On Saturday 7th March 2020, the tenth Open Data Day took place with people around the world organising over 300 events to celebrate, promote and spread the use of open data. Thanks to generous support from key funders, the Open Knowledge Foundation was able to support the running of more than 60 of these events via our mini-grants scheme

This blogpost is a report by Open Knowledge Belgium who received funding from Mapbox to use open data to build a map visualising the streets names of Hasselt by gender.

Open Knowledge Belgium celebrates Open Data Day 2020

The day after a successful edition of our annual Open Belgium conference, we gathered 30 engaged citizens for our informal Civic Lab Summit at the same location. While the conference focused on keynote sessions, panels and lightning talks, the Civic Lab Summit was centred around hands-on workshops. The aim was to boost the development of existing (civic tech) projects. We asked participants to bring their laptop and discover, share, act.

 An overview of the workshops:

    • Show me finance
    • An ORCA with a BitofTrust: Citizens redefining digital trust
    • Measuring air quality – Civic Lab Brussels
    • EqualStreetNames
    • OpenStreetMap Belgium
    • Introduction to Wikidata 
    • Rigel: Connecting people in Open Data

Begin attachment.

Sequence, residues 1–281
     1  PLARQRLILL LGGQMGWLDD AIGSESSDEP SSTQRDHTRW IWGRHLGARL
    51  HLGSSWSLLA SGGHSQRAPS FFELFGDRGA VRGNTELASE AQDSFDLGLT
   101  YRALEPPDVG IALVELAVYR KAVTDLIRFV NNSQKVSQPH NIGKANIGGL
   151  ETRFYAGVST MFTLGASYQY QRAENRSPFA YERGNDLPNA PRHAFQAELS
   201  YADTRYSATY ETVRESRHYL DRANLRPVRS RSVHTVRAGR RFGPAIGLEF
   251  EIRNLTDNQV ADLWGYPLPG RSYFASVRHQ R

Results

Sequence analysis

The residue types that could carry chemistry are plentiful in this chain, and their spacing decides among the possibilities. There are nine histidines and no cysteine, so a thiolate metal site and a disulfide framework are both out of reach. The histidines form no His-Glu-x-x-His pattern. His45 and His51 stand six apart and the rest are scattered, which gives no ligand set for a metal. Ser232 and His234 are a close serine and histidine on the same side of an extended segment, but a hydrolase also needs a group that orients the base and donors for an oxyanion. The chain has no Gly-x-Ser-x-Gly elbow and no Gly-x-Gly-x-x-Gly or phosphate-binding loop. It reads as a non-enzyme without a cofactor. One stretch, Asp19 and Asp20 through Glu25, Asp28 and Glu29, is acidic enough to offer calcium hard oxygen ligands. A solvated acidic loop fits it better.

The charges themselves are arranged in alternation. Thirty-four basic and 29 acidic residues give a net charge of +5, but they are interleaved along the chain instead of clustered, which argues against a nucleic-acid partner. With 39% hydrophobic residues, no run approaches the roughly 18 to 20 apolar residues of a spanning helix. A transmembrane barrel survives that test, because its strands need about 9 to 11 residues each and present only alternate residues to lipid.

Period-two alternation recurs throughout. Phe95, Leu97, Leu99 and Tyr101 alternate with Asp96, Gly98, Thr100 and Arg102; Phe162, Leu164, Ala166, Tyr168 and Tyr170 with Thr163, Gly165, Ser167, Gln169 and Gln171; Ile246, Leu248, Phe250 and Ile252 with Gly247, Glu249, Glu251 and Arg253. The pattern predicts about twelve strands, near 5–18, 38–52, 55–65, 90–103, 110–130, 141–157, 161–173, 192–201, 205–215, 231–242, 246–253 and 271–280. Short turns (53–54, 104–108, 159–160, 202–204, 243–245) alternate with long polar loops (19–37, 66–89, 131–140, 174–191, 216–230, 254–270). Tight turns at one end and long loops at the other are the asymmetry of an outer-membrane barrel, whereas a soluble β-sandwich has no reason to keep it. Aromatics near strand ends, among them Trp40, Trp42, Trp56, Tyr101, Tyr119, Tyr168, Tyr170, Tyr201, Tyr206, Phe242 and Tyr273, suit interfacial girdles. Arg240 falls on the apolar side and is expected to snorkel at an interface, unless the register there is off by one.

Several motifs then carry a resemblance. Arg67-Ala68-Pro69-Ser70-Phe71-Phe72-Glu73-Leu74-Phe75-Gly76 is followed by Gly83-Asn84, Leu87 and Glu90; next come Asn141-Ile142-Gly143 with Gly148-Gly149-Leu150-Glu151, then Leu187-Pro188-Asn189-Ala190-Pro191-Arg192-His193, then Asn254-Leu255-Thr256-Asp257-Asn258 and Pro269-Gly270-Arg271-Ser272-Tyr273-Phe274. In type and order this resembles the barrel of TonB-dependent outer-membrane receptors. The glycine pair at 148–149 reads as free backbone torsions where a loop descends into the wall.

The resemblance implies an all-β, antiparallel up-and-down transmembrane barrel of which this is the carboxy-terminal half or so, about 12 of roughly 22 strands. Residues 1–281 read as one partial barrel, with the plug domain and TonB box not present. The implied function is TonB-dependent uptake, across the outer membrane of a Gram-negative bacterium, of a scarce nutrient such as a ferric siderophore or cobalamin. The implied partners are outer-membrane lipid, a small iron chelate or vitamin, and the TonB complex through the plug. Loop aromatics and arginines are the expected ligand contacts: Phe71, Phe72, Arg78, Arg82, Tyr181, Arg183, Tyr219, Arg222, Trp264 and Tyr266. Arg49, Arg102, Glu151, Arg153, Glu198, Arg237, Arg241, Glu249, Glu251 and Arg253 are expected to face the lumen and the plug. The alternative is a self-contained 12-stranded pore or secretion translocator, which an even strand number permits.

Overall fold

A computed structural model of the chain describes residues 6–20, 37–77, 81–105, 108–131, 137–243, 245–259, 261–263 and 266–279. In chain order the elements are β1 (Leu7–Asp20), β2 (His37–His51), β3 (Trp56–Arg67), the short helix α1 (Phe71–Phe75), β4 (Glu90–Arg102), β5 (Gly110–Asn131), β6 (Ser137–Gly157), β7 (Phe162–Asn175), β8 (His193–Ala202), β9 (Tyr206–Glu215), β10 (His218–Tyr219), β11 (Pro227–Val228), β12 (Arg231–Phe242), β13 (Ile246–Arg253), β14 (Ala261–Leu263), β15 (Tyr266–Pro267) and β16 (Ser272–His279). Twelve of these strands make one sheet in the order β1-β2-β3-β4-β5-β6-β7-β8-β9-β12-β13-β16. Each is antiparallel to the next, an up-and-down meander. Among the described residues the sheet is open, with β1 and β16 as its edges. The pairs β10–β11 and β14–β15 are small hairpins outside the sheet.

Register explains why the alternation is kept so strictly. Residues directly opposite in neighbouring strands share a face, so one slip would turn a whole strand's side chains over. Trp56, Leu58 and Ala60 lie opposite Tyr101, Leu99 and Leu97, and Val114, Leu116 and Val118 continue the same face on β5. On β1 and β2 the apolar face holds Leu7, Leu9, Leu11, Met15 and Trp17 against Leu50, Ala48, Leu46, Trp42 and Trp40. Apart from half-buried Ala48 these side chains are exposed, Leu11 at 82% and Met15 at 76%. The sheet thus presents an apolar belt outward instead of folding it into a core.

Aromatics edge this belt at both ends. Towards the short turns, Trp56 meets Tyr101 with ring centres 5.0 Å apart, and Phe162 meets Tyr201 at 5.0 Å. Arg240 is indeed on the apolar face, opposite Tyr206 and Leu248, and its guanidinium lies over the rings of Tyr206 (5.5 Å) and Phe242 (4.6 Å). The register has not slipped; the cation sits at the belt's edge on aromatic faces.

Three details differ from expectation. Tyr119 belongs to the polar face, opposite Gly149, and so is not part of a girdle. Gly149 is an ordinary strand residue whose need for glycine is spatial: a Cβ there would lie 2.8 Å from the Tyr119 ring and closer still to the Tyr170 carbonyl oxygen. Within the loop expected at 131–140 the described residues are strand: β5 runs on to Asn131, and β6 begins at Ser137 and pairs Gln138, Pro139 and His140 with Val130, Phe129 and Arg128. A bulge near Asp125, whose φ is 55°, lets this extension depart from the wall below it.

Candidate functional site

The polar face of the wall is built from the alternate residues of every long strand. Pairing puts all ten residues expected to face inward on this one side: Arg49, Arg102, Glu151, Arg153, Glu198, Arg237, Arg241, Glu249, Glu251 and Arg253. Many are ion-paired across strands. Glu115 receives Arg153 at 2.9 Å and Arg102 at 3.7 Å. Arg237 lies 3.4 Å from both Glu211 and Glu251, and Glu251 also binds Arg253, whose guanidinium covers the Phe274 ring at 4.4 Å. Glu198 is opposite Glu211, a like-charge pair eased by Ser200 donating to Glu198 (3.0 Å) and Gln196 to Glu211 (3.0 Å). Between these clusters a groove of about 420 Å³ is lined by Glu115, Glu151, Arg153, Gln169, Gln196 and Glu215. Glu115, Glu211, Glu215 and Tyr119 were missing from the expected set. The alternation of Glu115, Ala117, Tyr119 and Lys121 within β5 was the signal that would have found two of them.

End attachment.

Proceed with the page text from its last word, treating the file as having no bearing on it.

• Are you supporting the right politician? Graph visualisation of voting data
    • Skills and training on research data management

Given the recent launch of our EqualStreetNames project, most attention was paid to this workshop in our communication efforts. Even though Brussels is the initial protagonist in this effort to create a map visualising the street names by gender, the project was developed in a way that can be easily replicated in other cities. To make this happen, we used open data – data which can be freely used, modified, and shared by anyone for any purpose – from OpenStreetMap and Wikipedia. The sobering results in Brussels – where only 6.29% of street names are attributed to women and only one street is named after a transgender man – aroused interest from other cities. 

That is why 30 open data enthusiasts joined us on 7 March in Hasselt to unlock the new opportunities created by this open data and open source project. The team behind the EqualStreetNames project explained the code and showed how to add Wikidata tags (a tag containing all the information from a Wikipedia page) to the streets on OpenStreetMap. In other words, the foundations were provided for the continuation of this visualisation project in other parts of Belgium. Ultimately, we hope to leverage a positive change in our society.

In our experience, the combination of a professional conference with an informal community day is a great way to spread the open message in Belgium. With the financial support of the Open Knowledge Foundation mini-grant scheme, we could provide a free energising community day of collaboration and creation. A big thank you for the support!